“And I heard a voice from heaven, saying, “Write this: Blessed are the dead who from now on die in God.” “Yes,” says the Spirit, “they will rest from their labors, and their deeds follow them.” Revelation 14:13”
Commemorations of Early Martyrs
The early festivals of the Church included commemorations of the martyrs who had died for their faith. The Book of Revelation provided hope to the persecuted church near the end of the first century. In the vision in chapter 7:9-17, the faithful who have been marked with a seal on their foreheads (v. 3) will be protected during the coming tribulation. Later on, the author of Revelation would provide further assurance of God’s love and care, not only in the future, but in the here and now.
Remembering all God’s Faithful
November, especially All Saints’ Day, marks the time of year when we remember all those who have entered into the fullness of time, which we call eternal life. The veil between heaven and earth is transparent as we participate in the act of remembering. We remember with our voices, hands, and hearts.
We lift our voices to God in the singing of hymns that bring us closer to our loves ones. We open our hands in prayer to give thanks for our beloved ones whose life and spirit continues to touch us in our pilgrimage here on earth. We use our hands to light a candle to remember their light in our lives and the ever-present light of Jesus that shines in the midst of darkness.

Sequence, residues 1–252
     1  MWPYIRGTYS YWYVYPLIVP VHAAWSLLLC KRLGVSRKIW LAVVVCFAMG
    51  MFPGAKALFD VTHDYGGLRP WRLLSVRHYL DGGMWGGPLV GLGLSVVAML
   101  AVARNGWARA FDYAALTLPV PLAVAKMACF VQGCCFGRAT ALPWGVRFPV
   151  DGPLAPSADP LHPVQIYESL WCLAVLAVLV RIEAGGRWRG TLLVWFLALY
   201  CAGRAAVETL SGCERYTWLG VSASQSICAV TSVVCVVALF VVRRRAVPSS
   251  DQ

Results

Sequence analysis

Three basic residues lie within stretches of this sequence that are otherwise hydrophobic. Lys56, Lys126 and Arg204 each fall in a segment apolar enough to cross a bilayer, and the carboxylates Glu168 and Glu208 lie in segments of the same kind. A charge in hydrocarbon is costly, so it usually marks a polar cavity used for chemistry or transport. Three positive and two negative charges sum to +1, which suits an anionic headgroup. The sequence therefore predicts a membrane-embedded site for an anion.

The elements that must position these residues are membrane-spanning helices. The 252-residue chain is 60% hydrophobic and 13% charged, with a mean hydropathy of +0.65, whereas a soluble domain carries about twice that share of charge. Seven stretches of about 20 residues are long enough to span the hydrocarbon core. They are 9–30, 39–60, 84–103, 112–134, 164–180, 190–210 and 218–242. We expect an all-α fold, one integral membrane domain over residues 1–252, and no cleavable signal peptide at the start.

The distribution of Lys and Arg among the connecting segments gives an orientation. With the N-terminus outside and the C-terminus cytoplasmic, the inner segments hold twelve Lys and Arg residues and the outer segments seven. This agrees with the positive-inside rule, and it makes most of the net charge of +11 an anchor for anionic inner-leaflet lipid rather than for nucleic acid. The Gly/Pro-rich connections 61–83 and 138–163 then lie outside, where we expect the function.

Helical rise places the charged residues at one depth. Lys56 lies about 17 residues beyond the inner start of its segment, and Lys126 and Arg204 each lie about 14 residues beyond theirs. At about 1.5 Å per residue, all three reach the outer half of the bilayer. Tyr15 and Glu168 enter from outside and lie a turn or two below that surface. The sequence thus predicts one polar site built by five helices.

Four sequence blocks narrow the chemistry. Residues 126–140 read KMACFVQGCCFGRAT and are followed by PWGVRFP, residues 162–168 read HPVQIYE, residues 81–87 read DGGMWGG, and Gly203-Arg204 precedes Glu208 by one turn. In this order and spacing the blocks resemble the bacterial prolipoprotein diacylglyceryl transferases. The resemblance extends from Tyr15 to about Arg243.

We remember, with our hearts breaking open, that we belong to God in life and in death. Deep in our hearts and down in our guts there is the hope that nothing in all of creation will separate us from the love of God in Christ Jesus. Thanks be to God for the gift of remembering: God remembering us, and the blessed memory of our loved ones.
Hymn for the Saints: “The Saints Are Standing Row on Row”
The saints are standing row on row engulfed in light and peace, stand face to face with God their King whose love will never cease.
King David sings with harp and lyre he’s cantor of the town, and Mary sings Magnificat before her lowborn son.
Now Simeon begins his song with tambourine and drum while Miriam and Hannah sing ta-rum, ta-rum, tarum.
And Luther sings just like a swan, while John Sebastian Bach, the great, great Back directs the choir . . .
There’s Louis Armstrong with his horn and Israel with psalms. The pious take their usual place and gravely wave their palms.
From every nation they have come to sing in this great choir, their music raises up to God whose face is like a fire.
Author unknown, translated from the Dutch by Gracia Grindal. Can be sung to the tune, St. Anne (O God, our help in ages past).
Sharon Ely Pearson is a 30+ year Christian formation veteran, currently serving as an editor and the Christian Formation Specialist for Church Publishing Incorporated. Wife, mother, grandmother, and author, she enjoys connecting people with each other and the resources they need for growing in the knowledge and love of Jesus.
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